Physical effects were gradual and cumulative so by the end my skin was blistered and raw under the arm and on the ribcage. The week after treatment ended my skin was at its worst – dark red and blistered to a 3rd degree burn. Sleeping and touching the right side of the body was extremely painful, but as the radiologist explained, I had received a lifetime of sun damage to kill any cancer cells that might have remained after surgery. Radiation is about light beams, and I marveled at the power of light in healing the body.
Like chemotherapy, some of radiation’s side effects were not easily apparent. For instance, fatigue got worse and my daily strolls, which I found empowering, became infrequent. There was still a metal taste in my mouth and even water tasted bitter. Most alarming was that my labs showed my white blood cell count had dropped to 1.4 because my bone marrow had taken such a hard hit from chemo and radiation; the normal range is 4.8 – 10.8. I found cuts took longer to heal, and since I worried excessively about catching Coronavirus since there was not yet a vaccine, only leaving the house for doctor visits.
Although the physical consequences of cancer treatment can be brutal, the hardest challenge for me was fear. Regardless of what type of cancer, any time someone passed away from it, I felt as if I lost a teammate because cancer patients feel kinship to one another; I spent sleepless nights wondering if Kelly Preston had undergone traditional treatment like I had from the start, how Ruth Bader Ginsburg ever found the strength to battle cancer four times, and if I would develop a second cancer like Robin Roberts.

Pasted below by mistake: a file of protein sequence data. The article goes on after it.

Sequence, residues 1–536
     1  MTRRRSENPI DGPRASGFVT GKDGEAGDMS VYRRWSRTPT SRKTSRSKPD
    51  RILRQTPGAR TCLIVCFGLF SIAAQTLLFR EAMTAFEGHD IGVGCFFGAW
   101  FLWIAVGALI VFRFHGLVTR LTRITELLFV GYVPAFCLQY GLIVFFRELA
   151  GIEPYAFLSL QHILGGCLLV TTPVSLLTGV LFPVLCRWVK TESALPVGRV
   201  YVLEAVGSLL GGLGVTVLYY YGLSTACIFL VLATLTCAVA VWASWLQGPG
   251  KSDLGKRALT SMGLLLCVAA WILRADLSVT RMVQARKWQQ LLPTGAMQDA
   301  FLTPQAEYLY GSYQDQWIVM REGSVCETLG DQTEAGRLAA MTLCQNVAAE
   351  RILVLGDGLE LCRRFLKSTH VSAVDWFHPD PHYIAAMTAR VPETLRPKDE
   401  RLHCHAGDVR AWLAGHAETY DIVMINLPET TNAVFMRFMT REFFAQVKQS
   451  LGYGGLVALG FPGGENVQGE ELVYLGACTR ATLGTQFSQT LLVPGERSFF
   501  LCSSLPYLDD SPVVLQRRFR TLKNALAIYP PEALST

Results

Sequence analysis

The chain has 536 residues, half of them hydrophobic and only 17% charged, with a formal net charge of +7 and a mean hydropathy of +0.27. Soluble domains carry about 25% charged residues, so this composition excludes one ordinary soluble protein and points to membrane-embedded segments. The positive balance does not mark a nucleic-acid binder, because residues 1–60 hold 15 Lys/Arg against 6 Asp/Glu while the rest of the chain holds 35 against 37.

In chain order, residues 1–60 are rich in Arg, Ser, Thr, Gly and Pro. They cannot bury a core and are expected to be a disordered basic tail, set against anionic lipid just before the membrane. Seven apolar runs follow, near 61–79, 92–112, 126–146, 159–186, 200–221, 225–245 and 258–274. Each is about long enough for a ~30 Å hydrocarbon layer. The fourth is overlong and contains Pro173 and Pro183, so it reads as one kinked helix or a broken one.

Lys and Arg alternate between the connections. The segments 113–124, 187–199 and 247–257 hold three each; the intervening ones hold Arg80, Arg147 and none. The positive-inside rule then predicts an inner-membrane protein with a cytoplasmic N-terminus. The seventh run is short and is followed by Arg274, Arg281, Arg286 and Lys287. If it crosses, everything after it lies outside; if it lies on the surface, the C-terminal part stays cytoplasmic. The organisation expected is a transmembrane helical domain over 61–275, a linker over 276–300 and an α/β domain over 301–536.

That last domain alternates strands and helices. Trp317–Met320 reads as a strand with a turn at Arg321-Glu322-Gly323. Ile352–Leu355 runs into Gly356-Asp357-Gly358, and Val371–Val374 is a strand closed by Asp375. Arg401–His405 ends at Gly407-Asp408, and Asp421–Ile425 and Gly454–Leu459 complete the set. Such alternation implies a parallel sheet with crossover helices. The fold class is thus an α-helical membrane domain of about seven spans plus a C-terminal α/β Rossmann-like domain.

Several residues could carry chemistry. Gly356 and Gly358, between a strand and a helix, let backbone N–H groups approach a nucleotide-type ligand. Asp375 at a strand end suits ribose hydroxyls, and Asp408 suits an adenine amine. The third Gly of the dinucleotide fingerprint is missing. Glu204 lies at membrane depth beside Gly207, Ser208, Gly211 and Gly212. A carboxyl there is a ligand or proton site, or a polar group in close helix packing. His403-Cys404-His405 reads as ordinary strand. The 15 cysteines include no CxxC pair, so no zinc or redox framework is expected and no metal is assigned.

When I finished radiation and stepped out of my journey’s tunnel, my hair was starting to sprout fuzz and eyebrows were showing signs of return, so I didn’t understand why I could not shake the dark storm cloud of anxiety that filled me day and night. As a result, I couldn’t sleep and lost interest in food, causing me to lose weight when I needed to build strength. Mentally and physically, it felt like I had been running a marathon for several months; I was an exhausted, emotional mess and everything made me cry like I had just finished the conclusion of The Notebook. I struggled in silence for some time before finally talking to my oncologist who put my mind to ease by telling me that my feelings were normal due to all that my mind and body had endured. She explained there is no set time to mourn a cancer diagnosis and survivors all manage differently with some feeling my emotions at the onset of a diagnosis and others at the end of treatment. It felt like I had been treading water for a long time and couldn’t see land. My oncologist and I agreed upon adding medication to my regiment, and within weeks I felt calmer and more in control of my emotions. Appetite returned and my white blood cells slowly started to increase closer to the normal range. I learned there is no shame in asking for help when the darkness persists.